Background: The purpose of this research was to investigate the predictive power of anxiety, depression, stress and self-concept dimensions (Mental ability, job efficiency, physical attractiveness, social skills, and deficiencies and merits) as predictors of nicotine dependency among university students in Isfahan.
Methods: In this correlational study, 110 male nicotine-dependent students at Isfahan University were selected by convenience sampling. All samples were assessed by Depression Anxiety Stress Scale (DASS), self-concept test and Nicotine Dependence Syndrome Scale. Data were analyzed by Pearson correlation and stepwise regression.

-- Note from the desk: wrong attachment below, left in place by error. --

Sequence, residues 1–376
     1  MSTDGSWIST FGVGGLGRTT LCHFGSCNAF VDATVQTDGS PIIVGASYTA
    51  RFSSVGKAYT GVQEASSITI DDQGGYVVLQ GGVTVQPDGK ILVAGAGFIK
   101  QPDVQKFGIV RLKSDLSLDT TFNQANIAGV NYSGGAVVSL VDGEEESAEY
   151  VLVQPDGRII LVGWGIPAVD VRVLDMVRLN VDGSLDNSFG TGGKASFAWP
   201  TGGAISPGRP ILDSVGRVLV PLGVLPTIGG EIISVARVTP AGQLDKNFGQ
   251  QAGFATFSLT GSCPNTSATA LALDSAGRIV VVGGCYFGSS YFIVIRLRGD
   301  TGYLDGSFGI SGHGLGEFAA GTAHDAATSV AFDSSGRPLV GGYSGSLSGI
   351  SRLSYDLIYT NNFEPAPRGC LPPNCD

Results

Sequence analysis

Results: The result showed that anxiety had the highest strength to predict nicotine dependence. In addition, the self-concept and its dimensions predicted only 12% of the variance in nicotine dependence, which was not significant.
Conclusion: Emotional processing variables involved in mental health
play an important role in presenting a model to predict students’ dependence on nicotine more than identity variables such as different dimensions of self-concept.
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